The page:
Our relationship to the material world is changing. This is something which has been felt globally this year, with remote working, online calls and virtual events becoming the norm. Smart technology is involved in many aspects of our lives – from shopping and eating to exercise, socialising and warming our homes. London-based artist Ben Cullen Williams (b. 1988) is interested in this dynamic, creating visually compelling works which reflect on what it means to be human in a digital era.
“I am fascinated by our relationship to space, our environments and the systems we inhabit,” he says. Over the last 10 years, he’s created myriad sculptures, installations, photographs and videos focusing on the intersection between technology and landscape. “At the core of my work there is a concern about our ability to dwell and exist in our quickly changing world, and our ability to do so in a human way.”
One such example is Kinaesthesia (2019), shown here (above right). The sculpture comprises pulsing LEDs attached to two interlocking aluminium structures. It represents the digital networks which guide our collective experiences online, and what they means for us as individuals. “In an increasingly deep-rooted digital age, the work raises questions about the nature of the self within these seen and unseen networks,” the artist notes. This piece is especially relevant in an age of misinformation and fake news: how many of our actions are guided by algorithms? Can we believe what we read on social media?
Williams is also concerned with pushing the boundaries of what ‘art’ can be. He has worked with theatres around the world, bridging the gap between gallery and stage. “Much of my practice revolves around collaboration, building or contributing to teams to make large, ambitious works. I am increasingly interested in work that exists outside the conventional notions of art practice or the ‘art object.’”
Pictured here are shots from Orpheus and Eurydice (2019), a video installation created to accompany a fresh retelling of the iconic 18th century opera directed by Wayne McGregor. The piece, displayed on a kinetic LED screen, reflects key human psychological states: mourning, violence, love and death. Lights glitch, distort and change colour. Waves roll in the darkness. It’s a startling contemporary approach to Christoph Gluck’s (1714-1787) exploration of human grief and loss, with classical performance set against a dystopian virtual backdrop.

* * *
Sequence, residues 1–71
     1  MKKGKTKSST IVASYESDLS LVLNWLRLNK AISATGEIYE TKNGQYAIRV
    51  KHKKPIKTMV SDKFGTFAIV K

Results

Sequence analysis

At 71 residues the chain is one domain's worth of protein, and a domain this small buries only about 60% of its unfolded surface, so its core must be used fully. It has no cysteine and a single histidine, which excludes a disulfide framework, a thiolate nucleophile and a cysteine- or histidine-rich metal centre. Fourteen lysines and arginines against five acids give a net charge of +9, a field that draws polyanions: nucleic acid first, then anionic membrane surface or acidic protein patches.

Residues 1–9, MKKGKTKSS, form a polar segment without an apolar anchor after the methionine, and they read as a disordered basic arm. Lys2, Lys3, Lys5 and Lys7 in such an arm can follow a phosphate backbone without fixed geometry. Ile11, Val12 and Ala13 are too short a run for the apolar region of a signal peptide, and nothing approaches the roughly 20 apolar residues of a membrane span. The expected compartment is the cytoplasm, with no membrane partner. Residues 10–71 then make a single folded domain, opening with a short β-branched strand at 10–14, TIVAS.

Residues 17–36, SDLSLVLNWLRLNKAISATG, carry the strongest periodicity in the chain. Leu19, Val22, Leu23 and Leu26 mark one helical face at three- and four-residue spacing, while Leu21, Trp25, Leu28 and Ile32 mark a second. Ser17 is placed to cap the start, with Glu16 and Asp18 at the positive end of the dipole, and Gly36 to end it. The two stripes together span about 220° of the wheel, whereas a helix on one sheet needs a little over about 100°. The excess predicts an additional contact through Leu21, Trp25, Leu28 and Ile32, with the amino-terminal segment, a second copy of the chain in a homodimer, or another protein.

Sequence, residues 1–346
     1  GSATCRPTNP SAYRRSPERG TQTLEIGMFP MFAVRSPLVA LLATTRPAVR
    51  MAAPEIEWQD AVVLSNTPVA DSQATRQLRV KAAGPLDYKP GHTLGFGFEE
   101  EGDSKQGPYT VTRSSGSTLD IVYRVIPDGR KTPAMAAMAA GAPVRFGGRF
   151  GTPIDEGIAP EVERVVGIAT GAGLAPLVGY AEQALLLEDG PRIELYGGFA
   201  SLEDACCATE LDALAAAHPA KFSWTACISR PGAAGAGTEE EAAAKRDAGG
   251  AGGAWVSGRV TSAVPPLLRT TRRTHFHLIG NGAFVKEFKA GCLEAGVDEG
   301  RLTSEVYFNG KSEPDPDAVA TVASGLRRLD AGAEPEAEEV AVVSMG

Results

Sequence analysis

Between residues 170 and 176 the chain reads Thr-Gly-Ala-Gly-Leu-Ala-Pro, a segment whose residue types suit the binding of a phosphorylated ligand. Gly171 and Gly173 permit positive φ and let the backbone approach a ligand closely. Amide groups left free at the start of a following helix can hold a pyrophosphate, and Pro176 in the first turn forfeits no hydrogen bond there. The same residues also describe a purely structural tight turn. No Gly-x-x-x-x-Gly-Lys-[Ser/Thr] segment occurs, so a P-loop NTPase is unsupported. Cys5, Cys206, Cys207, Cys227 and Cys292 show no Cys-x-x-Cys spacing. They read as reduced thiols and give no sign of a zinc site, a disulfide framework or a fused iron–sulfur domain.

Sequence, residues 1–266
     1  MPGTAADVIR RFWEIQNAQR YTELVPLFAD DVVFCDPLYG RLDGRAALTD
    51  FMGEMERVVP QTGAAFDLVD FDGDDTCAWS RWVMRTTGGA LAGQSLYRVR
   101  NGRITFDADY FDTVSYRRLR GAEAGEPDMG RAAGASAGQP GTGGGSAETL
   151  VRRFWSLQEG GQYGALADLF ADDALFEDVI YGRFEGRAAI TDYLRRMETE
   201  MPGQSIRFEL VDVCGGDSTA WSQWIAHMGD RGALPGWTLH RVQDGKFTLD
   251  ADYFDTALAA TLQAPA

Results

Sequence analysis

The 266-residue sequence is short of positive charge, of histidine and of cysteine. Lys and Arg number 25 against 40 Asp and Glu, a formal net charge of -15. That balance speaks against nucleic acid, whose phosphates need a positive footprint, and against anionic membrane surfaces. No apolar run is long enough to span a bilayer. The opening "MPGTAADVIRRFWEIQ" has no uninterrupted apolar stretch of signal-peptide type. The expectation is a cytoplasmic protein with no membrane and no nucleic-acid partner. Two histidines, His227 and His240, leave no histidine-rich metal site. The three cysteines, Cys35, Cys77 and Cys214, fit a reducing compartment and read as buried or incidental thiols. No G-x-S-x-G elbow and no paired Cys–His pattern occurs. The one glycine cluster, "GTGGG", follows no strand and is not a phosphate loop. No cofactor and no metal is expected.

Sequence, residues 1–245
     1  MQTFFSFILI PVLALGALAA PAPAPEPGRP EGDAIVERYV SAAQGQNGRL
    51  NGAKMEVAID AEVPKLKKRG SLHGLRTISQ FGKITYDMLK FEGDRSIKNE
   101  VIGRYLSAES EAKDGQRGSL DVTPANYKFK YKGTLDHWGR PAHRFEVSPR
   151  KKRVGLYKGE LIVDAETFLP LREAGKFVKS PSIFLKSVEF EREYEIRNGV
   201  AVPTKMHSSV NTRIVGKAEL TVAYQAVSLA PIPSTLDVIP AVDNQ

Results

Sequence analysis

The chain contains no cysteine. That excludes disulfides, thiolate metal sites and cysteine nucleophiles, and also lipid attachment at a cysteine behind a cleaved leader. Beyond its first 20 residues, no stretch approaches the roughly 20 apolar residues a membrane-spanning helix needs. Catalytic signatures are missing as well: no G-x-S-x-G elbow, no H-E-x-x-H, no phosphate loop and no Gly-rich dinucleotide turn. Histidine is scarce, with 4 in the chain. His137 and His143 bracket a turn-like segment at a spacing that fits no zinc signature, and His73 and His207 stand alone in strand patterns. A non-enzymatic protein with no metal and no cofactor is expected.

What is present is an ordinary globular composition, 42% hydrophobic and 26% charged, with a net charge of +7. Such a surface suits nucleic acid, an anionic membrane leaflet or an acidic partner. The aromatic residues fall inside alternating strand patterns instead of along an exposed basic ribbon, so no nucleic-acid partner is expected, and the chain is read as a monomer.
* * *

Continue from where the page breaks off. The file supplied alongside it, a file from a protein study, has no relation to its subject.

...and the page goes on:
More recent works include Cold Flux, an AI generated video installation created from footage of the collapsing Larsen-B Ice shelf in Antarctica. These video landscapes exist within a state of melting and freezing, forming and un-forming – mapping the complex network between technology and environmental change. Amid the climate crisis, it asks important questions about what is really going on in the physical world, away from our screens. Presented at London Design Biennale earlier this year, it confronted audiences with a stark visual symbol for the most urgent problem of our times.
In 2021, Williams was longlisted for the Aesthetica Art Prize for Living Archive: An AI Performance Experiment, a collaboration with Google Arts and Culture and choreographer Wayne McGregor. The artist has been recognised by RIBA, MIT, Sadler’s Wells, London Design Biennale and The Bolshoi Theatre.
All images courtesy Ben Cullen Williams.